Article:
Anna Carr Faurot ’13, a Classical Languages major, worked with Kate Jopling and Briana Favale on An analysis of Data Query Rates at Clinical Study Sites in Five Countries. Data from Cogstate Clinical Trials were used to compare Australia, Canada, France, United States, and South Africa. The types of frequent discrepancies, particularly missing data, provide useful information to pharmaceutical companies.
Eleanor Ezell ’13 worked with Christopher Pittenger and Helen Pushkarskaya on Uncertainty Intolerance in Obsessive Compulsive Disorder. Behavioral economics instruments showed OCD subjects with higher risk aversion but lower ambiguity aversion than Healthy Controls. OCD with and without Hoarding symptoms may be clinically different.
Christopher Daniell ’14 presented Increased affect and interest in children with autism through social robots: a behavioral coding analysis. Coauthors were Corinne Makar, Julia Elia, Elizabeth Kim, Rhea Paul, Brian Scassellati, Elizabeth Simmons, Megan Lyons, Sophy Kim, Katarzyna Chawarska, and Frederick Shic. The project involved coding archival data from a 2012 study to better understand the nature of the increase in the children’s verbal production. When interacting with the robot, children displayed more positive affect, greater interest, and more social engagement than when interacting with an adult; deficits in social affect still seem to translate to both human and robot interaction.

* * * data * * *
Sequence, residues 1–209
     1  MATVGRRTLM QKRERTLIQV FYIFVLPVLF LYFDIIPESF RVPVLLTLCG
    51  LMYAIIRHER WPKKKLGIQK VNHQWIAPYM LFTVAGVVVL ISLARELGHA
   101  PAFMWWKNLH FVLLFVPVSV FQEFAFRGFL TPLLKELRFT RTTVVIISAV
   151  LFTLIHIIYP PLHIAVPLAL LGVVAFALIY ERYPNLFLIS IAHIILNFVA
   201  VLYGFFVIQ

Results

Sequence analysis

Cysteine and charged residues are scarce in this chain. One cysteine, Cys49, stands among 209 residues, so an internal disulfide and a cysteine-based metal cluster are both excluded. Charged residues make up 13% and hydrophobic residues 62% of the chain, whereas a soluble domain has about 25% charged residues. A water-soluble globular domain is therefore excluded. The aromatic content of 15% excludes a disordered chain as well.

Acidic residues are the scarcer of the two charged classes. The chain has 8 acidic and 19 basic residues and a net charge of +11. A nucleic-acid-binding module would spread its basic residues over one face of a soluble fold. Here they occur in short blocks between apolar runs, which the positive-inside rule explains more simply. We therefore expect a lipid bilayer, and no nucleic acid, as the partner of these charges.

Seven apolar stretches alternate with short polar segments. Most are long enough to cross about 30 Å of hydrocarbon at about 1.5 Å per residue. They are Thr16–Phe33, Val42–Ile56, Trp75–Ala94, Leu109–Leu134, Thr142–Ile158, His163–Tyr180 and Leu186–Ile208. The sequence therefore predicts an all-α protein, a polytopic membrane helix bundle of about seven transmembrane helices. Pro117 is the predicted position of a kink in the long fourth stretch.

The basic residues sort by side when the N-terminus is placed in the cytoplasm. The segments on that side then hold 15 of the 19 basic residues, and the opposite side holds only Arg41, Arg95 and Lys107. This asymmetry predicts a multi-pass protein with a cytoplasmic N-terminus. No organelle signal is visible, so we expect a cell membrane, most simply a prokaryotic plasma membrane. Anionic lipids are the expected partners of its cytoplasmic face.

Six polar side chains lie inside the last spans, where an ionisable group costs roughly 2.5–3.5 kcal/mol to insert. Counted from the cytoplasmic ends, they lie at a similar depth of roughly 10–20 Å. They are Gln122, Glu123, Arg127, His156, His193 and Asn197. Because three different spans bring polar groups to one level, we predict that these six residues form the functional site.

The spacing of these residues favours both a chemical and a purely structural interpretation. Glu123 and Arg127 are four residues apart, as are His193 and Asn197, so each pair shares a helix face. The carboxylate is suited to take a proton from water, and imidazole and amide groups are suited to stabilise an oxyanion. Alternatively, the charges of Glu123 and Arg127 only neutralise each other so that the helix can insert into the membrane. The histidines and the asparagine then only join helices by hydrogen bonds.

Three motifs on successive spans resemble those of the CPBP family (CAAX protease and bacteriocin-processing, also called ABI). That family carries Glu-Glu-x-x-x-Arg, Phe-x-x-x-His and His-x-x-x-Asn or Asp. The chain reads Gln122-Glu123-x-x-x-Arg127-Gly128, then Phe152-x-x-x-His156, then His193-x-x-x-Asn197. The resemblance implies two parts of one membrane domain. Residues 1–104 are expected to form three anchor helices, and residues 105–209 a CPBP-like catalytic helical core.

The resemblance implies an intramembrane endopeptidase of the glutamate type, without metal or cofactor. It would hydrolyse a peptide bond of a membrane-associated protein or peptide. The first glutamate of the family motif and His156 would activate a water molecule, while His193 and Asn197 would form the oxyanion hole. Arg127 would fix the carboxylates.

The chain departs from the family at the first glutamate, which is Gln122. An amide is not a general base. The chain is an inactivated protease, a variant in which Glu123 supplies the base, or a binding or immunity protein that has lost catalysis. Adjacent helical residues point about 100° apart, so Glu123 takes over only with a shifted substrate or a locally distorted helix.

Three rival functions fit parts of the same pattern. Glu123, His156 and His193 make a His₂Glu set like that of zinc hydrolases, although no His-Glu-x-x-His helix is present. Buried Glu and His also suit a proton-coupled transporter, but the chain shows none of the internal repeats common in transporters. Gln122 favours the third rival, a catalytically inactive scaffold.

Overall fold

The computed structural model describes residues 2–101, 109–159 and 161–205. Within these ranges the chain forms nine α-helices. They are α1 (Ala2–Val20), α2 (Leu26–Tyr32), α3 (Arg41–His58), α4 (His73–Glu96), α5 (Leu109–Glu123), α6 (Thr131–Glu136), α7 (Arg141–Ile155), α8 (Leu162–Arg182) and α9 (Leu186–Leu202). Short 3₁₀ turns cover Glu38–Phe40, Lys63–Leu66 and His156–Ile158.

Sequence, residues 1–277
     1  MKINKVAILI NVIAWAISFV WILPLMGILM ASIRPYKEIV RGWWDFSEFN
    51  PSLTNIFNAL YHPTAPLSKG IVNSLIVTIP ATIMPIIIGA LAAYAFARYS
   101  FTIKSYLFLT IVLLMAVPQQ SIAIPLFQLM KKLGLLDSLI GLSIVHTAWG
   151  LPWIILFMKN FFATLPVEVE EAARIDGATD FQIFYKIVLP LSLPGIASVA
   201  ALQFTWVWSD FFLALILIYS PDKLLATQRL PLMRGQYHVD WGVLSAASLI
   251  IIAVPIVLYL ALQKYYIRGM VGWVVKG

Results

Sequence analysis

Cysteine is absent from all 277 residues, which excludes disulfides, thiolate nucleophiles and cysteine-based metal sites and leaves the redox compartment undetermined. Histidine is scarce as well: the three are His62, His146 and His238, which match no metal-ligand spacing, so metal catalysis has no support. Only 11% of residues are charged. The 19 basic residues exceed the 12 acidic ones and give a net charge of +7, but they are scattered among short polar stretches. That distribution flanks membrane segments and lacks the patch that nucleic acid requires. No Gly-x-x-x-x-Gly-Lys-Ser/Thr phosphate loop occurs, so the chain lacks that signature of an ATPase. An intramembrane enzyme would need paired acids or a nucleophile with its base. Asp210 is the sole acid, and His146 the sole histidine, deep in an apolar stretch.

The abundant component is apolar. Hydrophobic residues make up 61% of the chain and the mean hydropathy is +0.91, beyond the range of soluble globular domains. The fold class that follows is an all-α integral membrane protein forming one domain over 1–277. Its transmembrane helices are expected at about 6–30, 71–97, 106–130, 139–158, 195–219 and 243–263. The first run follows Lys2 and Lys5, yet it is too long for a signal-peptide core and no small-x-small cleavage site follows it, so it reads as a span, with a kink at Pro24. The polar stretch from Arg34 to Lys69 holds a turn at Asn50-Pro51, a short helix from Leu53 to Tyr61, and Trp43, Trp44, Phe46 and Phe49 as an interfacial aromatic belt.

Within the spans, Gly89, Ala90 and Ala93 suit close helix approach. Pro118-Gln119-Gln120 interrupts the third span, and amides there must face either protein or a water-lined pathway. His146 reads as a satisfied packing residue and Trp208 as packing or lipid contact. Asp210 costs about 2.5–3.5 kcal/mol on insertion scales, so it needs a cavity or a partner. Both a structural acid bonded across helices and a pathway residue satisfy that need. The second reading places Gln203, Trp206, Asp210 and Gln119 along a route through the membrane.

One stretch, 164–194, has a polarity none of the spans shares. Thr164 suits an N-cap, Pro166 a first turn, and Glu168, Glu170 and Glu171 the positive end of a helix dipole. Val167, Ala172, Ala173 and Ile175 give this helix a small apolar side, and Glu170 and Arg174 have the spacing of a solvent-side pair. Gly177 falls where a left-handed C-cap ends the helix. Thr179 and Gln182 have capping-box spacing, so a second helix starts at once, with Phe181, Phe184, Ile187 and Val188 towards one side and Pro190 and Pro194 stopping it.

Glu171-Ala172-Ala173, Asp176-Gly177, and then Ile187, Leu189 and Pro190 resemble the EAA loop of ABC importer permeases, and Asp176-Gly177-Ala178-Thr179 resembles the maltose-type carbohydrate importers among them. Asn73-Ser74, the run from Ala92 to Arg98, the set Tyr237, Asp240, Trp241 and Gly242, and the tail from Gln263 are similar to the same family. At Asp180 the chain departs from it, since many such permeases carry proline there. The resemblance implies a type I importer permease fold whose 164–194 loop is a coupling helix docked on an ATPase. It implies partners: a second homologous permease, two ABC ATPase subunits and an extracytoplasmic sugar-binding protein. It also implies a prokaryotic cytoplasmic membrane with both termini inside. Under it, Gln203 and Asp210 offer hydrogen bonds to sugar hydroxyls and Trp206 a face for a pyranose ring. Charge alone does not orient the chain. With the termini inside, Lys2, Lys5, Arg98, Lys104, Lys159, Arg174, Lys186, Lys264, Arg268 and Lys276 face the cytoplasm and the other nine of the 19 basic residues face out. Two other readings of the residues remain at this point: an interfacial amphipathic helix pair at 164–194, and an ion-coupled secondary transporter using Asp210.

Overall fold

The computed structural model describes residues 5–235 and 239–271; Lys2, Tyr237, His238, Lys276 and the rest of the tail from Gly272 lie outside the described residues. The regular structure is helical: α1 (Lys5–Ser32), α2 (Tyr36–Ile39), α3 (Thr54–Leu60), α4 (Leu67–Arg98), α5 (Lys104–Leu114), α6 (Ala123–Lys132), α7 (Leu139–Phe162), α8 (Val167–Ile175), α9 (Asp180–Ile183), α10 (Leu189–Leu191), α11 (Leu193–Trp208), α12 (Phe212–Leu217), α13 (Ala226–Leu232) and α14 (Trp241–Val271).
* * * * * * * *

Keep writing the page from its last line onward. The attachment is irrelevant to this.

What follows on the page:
Channon Conner ’14 presented Maternal Influence on their child’s weight and health: making lifestyle changes despite stress and other barriers. Mentors were Matthew Stults-Kolehmainen and Rajita Sinha. This search of the 2000–2013 literature revealed a half dozen stressors and ten barriers to diet and exercise that need to be considered in designing parent-based (the most successful type) interventions relative to childhood obesity.